CMU researchers provide a content-based search engine for Modelverse, a model-sharing platform that contains a variety of deep generative models.

The intent of a content-based form search is introduced, which attempts to identify the most relevant forms to generate deep images that satisfy the user’s input query. As shown in the graphic below, a user can get a model based on their ability to group images that fit an image query (for example, a landscape shot), a text query (for example, African animals), a graphic query (for example, a graphic standing cat), or an analogy with the provided query form. But why does a typical search depend on useful content? Deep generative models are developed as a basis for content creation software and applications. They are no longer just the results of scientific studies.

The search method (first row) allows searching in four distinct ways – text, images, graphics and existing forms – from left to right. The top two models are shown in the second and third rows. The color of the icon for each model indicates the type of model. In all approaches, the technology discovers applicable models with comparable semantic concepts. | Source: https://arxiv.org/pdf/2210.03116v1.pdf

Each model represents a microcosm of carefully selected subjects, which may include realistic depictions of people and landscapes, images of ancient pottery, cartoonish animation, and the aesthetics of a single artist. Recently, various technologies have made it possible to creatively alter and customize existing models, whether through human-in-the-loop interfaces or tuning GANs and text-to-image models. Each generative model can refer to the significant involvement of the model creator in a particular concept. It is becoming increasingly impossible for the user to be familiar with every great generative model, even if it is necessary to choose the best one for their own needs.

The ability to rapidly synthesize an unlimited set of images, interpolations, or inherent variable manipulations is provided by each generative model. However, the researchers discovered that choosing the ideal model from a wide range can lead to much better results than those obtained from choosing an inappropriate model. Form search allows users to locate the form that most closely matches their unique requirements, as much as information and image retrieval allows users to find appropriate information within large collections of traditional materials. The challenge of researching a content-based model is difficult; Even direct inquiry whether a single model can generate a given image can be computationally demanding.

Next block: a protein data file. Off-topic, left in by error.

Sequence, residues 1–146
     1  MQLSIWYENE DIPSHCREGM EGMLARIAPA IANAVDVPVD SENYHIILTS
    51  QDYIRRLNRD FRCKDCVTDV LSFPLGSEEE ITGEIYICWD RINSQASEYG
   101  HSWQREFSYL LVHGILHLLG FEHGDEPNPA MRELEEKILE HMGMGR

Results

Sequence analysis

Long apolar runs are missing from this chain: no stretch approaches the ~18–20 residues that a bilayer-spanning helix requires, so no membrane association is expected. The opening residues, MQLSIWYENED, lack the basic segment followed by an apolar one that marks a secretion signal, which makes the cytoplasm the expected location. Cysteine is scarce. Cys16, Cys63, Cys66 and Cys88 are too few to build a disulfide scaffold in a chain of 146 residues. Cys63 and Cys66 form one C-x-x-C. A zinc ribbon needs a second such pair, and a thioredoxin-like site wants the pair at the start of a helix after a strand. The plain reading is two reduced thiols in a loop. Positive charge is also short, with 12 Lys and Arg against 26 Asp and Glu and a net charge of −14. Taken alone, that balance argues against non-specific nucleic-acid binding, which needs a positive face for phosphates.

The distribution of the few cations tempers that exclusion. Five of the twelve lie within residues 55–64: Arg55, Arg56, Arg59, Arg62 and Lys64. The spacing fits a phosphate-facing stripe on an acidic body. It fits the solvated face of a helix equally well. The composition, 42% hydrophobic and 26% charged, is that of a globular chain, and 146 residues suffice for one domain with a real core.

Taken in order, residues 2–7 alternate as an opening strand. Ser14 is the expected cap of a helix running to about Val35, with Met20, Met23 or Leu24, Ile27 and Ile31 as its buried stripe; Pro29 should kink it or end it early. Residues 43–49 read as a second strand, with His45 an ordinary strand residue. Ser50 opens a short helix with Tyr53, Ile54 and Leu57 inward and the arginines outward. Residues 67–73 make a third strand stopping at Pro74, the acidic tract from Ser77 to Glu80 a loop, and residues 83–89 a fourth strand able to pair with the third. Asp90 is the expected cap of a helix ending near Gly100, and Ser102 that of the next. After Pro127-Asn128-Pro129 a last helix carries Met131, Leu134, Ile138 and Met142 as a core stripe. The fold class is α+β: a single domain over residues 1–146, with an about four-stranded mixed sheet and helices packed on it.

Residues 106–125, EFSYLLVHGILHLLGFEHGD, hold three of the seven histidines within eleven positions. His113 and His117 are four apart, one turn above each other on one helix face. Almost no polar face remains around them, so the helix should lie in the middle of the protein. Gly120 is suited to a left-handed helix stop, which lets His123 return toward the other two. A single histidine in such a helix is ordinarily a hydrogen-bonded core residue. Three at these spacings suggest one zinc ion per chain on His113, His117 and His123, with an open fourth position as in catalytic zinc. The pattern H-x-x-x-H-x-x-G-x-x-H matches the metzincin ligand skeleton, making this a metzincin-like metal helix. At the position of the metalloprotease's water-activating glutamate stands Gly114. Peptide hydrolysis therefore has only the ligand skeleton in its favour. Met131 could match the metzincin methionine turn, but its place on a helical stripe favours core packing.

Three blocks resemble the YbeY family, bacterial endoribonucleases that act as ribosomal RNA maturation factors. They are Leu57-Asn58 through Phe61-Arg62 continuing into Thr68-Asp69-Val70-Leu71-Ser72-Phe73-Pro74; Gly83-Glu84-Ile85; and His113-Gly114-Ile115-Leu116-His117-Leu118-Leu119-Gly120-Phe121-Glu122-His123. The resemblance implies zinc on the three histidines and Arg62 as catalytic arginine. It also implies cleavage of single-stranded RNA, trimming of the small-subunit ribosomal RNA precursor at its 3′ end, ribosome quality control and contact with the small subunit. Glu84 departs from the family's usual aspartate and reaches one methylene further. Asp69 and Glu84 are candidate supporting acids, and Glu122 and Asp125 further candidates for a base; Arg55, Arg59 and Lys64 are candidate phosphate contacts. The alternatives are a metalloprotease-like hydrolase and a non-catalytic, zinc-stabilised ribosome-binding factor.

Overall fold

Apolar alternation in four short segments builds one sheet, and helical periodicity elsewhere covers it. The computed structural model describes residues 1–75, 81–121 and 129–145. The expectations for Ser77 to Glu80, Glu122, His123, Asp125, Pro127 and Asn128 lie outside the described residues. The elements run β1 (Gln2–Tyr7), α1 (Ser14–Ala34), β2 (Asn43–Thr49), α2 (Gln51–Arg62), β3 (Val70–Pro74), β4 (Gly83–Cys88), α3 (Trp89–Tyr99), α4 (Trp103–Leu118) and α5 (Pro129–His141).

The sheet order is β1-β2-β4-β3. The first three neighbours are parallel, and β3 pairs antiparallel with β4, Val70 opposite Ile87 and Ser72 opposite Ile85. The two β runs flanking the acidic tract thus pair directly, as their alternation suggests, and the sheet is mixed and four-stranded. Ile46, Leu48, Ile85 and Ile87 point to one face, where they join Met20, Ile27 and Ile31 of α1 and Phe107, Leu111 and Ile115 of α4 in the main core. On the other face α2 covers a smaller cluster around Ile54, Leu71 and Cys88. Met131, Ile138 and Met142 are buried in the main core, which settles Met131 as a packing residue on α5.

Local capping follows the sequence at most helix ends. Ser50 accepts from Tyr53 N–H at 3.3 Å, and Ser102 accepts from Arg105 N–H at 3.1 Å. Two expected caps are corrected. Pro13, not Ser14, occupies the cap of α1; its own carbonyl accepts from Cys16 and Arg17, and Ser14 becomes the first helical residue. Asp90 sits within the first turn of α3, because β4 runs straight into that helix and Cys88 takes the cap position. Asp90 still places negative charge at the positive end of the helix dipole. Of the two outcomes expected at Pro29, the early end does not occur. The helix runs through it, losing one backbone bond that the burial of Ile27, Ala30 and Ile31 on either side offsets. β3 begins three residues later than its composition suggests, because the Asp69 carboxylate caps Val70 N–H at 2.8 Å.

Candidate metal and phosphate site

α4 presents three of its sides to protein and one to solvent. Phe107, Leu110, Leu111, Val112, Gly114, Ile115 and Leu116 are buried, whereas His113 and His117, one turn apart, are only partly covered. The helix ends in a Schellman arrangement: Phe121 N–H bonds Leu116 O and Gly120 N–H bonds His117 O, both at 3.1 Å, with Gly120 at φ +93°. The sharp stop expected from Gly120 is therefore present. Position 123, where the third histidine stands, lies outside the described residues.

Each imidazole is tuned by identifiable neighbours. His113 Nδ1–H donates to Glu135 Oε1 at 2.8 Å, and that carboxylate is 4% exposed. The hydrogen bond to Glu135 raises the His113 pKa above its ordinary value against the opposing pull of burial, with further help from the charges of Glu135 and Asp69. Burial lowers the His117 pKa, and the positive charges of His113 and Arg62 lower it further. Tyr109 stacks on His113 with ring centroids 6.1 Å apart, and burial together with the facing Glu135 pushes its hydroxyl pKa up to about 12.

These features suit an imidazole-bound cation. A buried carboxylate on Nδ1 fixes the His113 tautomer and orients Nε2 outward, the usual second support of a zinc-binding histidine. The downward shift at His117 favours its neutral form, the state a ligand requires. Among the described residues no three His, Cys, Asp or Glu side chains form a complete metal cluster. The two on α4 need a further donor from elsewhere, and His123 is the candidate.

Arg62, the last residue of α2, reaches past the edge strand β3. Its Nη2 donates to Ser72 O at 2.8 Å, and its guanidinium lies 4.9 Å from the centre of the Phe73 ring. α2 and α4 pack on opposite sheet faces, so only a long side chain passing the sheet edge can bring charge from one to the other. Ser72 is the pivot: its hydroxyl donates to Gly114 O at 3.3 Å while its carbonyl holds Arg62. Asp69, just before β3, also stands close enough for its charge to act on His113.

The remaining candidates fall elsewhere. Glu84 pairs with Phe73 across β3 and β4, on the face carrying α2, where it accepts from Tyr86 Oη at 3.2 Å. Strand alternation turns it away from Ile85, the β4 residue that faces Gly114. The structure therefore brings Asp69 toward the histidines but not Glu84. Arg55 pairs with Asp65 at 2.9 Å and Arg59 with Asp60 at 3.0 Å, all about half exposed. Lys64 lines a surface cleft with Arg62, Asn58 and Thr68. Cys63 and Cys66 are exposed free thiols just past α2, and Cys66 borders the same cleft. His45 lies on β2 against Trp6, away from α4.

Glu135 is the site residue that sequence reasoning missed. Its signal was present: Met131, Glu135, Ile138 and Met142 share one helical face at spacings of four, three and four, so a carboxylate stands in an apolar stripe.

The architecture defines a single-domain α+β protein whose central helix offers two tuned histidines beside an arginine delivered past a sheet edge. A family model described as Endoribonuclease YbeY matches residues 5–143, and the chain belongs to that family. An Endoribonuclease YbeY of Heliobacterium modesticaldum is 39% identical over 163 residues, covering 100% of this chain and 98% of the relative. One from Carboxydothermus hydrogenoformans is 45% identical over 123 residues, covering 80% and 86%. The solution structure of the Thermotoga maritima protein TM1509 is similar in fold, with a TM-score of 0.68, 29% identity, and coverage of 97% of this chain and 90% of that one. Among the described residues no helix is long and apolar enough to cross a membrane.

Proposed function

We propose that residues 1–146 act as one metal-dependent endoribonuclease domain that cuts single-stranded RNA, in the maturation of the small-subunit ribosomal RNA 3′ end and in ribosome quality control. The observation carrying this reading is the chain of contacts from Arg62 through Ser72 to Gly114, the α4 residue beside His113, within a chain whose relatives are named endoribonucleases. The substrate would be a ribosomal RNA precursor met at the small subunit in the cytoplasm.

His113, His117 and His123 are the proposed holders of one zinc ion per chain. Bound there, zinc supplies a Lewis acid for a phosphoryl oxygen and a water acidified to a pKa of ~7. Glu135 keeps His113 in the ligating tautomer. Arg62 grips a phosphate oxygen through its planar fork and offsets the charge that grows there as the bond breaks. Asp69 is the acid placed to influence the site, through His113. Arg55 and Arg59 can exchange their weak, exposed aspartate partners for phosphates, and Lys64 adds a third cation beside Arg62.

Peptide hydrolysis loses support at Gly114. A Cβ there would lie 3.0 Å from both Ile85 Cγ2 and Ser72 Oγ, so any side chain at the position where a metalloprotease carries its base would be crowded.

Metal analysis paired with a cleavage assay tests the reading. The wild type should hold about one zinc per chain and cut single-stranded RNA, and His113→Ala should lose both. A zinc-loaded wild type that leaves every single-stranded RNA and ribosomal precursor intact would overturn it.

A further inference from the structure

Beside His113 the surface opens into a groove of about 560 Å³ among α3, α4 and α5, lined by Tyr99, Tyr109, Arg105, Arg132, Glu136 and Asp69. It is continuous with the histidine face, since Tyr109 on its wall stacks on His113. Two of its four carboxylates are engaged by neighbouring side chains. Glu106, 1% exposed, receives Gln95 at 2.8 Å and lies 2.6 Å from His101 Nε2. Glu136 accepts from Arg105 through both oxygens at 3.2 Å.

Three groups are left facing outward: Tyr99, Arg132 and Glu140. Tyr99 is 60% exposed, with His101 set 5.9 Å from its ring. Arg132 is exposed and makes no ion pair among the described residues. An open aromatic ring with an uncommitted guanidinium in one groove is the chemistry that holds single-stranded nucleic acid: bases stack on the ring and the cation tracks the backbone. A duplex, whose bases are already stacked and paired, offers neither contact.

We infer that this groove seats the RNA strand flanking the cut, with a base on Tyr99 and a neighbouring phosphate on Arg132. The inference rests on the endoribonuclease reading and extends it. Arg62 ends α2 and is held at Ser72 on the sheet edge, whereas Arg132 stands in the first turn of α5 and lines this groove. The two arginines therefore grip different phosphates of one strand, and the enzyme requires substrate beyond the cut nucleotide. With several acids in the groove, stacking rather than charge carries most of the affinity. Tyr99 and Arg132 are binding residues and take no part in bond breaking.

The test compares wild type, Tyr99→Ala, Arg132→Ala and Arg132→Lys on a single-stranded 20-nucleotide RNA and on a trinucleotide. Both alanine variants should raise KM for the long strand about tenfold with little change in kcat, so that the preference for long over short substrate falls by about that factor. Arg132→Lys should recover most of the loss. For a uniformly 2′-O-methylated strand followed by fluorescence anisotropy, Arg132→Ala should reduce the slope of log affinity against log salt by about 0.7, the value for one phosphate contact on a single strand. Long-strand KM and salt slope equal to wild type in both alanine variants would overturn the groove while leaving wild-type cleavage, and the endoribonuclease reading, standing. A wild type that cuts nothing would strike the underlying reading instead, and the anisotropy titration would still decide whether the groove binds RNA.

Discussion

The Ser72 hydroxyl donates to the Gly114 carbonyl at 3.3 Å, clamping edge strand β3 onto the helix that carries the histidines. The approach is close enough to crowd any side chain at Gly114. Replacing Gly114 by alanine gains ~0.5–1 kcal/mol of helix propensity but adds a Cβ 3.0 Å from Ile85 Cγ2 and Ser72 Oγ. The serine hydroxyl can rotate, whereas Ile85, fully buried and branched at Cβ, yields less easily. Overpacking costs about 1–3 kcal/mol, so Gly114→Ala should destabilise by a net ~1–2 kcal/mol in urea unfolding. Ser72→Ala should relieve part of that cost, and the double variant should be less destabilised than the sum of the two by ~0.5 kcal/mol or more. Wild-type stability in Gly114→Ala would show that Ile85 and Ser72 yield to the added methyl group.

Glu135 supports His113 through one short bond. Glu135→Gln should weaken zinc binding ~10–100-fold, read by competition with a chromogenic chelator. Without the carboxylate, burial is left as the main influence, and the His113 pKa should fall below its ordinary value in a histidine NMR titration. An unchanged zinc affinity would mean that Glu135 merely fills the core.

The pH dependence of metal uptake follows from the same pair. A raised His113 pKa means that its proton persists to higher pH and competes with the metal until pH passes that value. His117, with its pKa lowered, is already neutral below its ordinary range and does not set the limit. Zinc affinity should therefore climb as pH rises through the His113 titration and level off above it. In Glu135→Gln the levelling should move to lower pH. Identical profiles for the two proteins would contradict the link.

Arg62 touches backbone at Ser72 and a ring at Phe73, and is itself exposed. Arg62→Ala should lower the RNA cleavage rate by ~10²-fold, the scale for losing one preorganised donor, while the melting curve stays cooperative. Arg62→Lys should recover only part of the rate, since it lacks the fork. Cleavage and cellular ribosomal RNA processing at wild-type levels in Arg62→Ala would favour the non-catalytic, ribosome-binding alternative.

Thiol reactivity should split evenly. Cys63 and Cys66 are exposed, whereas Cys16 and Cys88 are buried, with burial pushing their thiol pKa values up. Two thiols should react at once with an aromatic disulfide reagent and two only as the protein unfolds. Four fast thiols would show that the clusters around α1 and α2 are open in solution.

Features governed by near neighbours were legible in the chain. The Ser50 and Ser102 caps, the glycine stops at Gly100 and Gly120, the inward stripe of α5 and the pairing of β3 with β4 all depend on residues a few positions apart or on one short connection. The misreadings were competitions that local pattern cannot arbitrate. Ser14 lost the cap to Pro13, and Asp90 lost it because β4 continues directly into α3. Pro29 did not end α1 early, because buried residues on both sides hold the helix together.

Unfortunately, many deep generative models do not provide an efficient or accurate method for density estimation and do not locally enable multimodal similarity (eg, text and image) to be measured. A naive Monte Carlo technique can compare an input query to tens or millions of samples from each generative model and repeatedly determine which model pieces match the input query. The search for the model will be prolonged using such a sampling-based technique. They first provide a general probability formula for the model search problem to address the above problems, followed by a Monte Carlo baseline. To save time and space, they “compress” the distribution of the model into pre-computed first and second-order moments from weddings with deep features of the original samples.

Then, they create closed-form solutions to retrieve the form using an input image, text, graphic, or form query. Calculations can be made in real time from the final version. In 133 deep generative models, including GANs (eg, StyleGAN family models), diffusion models (eg, DDPM), and auto-regression models, they evaluate their methods and perform ablation tests (eg, VQGAN). Their approach provides significantly faster search (within 0.08 ms, 5x acceleration) while maintaining good accuracy compared to the Monte-Carlo baseline. Finally, they demonstrate how to use GAN inversion and few-shot model tuning as typical search applications.

Their solution, to the best of their knowledge, is the first content-based search algorithm for machine learning models. The research method is published in Modelverse, an online platform for academics, students, and artists to efficiently use and share generative models, which can be found at https://modelverse.cs.cmu.edu/.

This Article is written as a research summary article by Marktechpost Staff based on the research paper 'Content-Based Search for Deep Generative Models'. All Credit For This Research Goes To Researchers on This Project. Check out the paper, github link, Modelverse and project.

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Content writing consultant trainee at Marktechpost.


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